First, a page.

August 6, 2017

Stewardship Transformation pt. 4: Finding Your Why

In our last three newsletters, we’ve highlighted Michael Hyatt’s strategy for setting and achieving goals from his “Best Year Ever” seminar and have applied those specifically to stewardship. In February, we talked about our tendency to buy into “limiting beliefs” that discourage us and stand in the way of achieving our goals. We learned to replace those beliefs with “liberating truths” that focus on God’s provision for us. In April, we talked about the importance of “completing the past”, recognizing how we got to where we are and identifying any changes we need to make in order to achieve our stewardship goals. Last newsletter, we discussed “designing the future” – setting SMARTER goals that stretch us and honor God with our finances.

How have you been doing in these areas? We hope that the process we’ve laid out has been helpful to you. This month, we want to dive into what Hyatt calls “Finding Your Why” – uncovering the motivation behind your stewardship goals.

If you read this month’s Truths That Transform article, hopefully you discovered how Jesus’ two Great Commandments can serve as the motivation for a lifestyle of stewardship. And that’s a great place to start. But to really connect with these motivators, we need to personalize them. For example, I can say that I want to limit my lifestyle spending so that I can have more to share with others – and that’s certainly a motivation in line with the Two Great Commandments. But it may not be concrete or “real” enough to motivate me when I’m staring at the new 4K big screen TV with a much sharper image than my current TV. On the other hand, if I’m making a choice for a simpler lifestyle in order to donate more to provide for clean water in Africa through World Vision, that’s a concrete enough vision to motivate specific decisions.

Or suppose you have a goal of setting aside $10,000 a year for your children’s college education. Finding your why means listing the major reasons why it’s important to you to provide for your children’s education. Do you want to spare them the burden of significant debt coming out of college? What are you hoping your children will be able to achieve as a result of going to college? These become your motivations.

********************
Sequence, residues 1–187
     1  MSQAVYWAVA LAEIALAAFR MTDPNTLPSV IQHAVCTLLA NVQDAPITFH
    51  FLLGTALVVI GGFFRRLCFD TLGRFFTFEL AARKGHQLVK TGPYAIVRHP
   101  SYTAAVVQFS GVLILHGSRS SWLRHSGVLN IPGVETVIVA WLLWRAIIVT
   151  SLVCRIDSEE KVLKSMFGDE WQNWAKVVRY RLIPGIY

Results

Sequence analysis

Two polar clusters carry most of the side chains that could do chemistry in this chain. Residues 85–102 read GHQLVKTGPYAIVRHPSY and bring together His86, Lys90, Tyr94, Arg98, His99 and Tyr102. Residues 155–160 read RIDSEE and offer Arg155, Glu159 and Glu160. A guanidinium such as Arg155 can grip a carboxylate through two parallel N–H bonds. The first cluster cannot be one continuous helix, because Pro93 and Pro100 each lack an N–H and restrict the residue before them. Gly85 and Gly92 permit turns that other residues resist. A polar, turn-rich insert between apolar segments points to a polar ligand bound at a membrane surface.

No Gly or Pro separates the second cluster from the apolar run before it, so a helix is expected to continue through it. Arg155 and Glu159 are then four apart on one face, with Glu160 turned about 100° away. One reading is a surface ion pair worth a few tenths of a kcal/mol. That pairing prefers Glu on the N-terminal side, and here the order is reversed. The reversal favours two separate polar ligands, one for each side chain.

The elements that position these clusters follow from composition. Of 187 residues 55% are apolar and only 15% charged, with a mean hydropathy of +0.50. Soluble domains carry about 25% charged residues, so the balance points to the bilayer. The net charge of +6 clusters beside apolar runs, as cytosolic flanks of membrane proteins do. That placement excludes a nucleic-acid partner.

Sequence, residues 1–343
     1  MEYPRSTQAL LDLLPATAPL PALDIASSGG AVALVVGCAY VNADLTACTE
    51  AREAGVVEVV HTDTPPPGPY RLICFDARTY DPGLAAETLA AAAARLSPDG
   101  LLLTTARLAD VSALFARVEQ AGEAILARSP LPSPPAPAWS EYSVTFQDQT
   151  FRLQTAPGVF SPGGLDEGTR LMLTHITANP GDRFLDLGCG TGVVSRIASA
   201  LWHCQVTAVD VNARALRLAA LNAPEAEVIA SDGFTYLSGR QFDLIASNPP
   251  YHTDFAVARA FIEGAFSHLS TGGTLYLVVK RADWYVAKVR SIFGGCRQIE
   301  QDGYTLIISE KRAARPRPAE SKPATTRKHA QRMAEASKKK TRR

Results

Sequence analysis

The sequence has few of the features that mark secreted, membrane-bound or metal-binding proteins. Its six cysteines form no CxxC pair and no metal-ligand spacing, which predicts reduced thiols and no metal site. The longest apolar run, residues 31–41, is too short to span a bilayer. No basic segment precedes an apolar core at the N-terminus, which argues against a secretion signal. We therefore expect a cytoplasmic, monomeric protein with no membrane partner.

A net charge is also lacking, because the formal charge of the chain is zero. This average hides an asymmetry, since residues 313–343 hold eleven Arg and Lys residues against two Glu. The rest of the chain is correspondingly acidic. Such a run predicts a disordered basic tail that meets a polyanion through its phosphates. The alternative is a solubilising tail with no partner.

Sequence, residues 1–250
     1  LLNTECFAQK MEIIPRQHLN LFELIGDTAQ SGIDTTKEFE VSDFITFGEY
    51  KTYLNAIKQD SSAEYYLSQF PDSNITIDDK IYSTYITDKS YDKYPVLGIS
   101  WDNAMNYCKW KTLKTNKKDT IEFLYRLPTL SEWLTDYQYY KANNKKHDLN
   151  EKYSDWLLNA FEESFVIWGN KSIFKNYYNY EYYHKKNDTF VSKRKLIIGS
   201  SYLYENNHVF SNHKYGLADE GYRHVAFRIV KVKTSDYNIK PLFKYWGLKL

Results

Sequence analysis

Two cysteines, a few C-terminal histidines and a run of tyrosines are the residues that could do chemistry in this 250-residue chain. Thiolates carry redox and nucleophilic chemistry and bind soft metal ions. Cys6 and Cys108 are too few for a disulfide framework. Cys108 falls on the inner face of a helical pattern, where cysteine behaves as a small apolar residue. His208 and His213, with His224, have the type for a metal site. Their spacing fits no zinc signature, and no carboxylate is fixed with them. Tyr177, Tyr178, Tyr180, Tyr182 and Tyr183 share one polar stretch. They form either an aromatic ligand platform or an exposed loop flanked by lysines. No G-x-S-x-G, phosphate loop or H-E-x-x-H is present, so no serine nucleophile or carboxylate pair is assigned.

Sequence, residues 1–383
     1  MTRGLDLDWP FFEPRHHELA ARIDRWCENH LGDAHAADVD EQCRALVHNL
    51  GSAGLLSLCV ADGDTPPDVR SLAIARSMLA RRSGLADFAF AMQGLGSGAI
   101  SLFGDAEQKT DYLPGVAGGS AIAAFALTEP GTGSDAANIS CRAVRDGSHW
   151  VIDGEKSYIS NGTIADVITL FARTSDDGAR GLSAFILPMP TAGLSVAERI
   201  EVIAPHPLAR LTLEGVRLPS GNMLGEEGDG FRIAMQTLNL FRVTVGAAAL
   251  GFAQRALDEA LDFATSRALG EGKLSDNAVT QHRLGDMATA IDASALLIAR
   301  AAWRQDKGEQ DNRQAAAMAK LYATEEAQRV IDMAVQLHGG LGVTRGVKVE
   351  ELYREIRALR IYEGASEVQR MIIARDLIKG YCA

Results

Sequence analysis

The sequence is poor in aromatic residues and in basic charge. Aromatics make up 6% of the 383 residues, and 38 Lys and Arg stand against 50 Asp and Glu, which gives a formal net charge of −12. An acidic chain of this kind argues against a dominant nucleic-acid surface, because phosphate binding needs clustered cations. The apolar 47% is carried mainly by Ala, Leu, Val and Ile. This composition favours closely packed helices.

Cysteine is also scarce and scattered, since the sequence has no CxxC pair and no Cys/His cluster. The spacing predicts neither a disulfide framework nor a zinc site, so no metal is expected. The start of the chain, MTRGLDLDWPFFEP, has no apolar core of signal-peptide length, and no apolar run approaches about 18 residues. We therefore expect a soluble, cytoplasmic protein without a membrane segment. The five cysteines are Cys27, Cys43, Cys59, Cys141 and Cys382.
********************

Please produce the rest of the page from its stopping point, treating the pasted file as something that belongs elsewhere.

It’s important to set financial goals based on real information as opposed to “finger in the wind” guesses. Goals based on solid data carry more weight and are easier to motivate. In the above example, if the $10,000 a year was based simply on what you felt you could put aside (without any reference to what your children will likely need for college), then it can be easy to talk yourself out of making that goal a priority this year. In light of how much we want this vacation, maybe it’s OK to start the college fund next year. But if you’ve done the research and reached a data-based conclusion about how much money your children will need, then the savings goal becomes more imperative, and your motivations for reaching the goal stand on firmer ground.

Hyatt recommends identifying up to 5-7 motivations for each major goal, writing them down, and then ranking them in order of priority. The final step is to connect with each motivation both intellectually and emotionally. What would it mean to you to achieve (or not achieve) the goal?

So, for example, suppose you had a goal of getting out of debt. Ask yourself questions like, “How will my life be different if I achieve this goal?” “What will I miss out on if I don’t accomplish this goal?”

Here’s an example: Suppose you set a goal of getting out of debt. Motivations might include:

  • “I won’t be hassled by phone calls from bill collectors”
  • “I won’t worry about losing my house/car”
  • “I won’t worry about utilities being turned off
  • “I’ll be able to start saving for retirement”

Motivations like this can help keep your decisions aligned with your goals. When you’re making that next major purchase decision and you have a choice between more expensive and less expensive options, the thought of the relief you’ll feel when you’re out of debt and creditors aren’t calling any more can help guide your choice.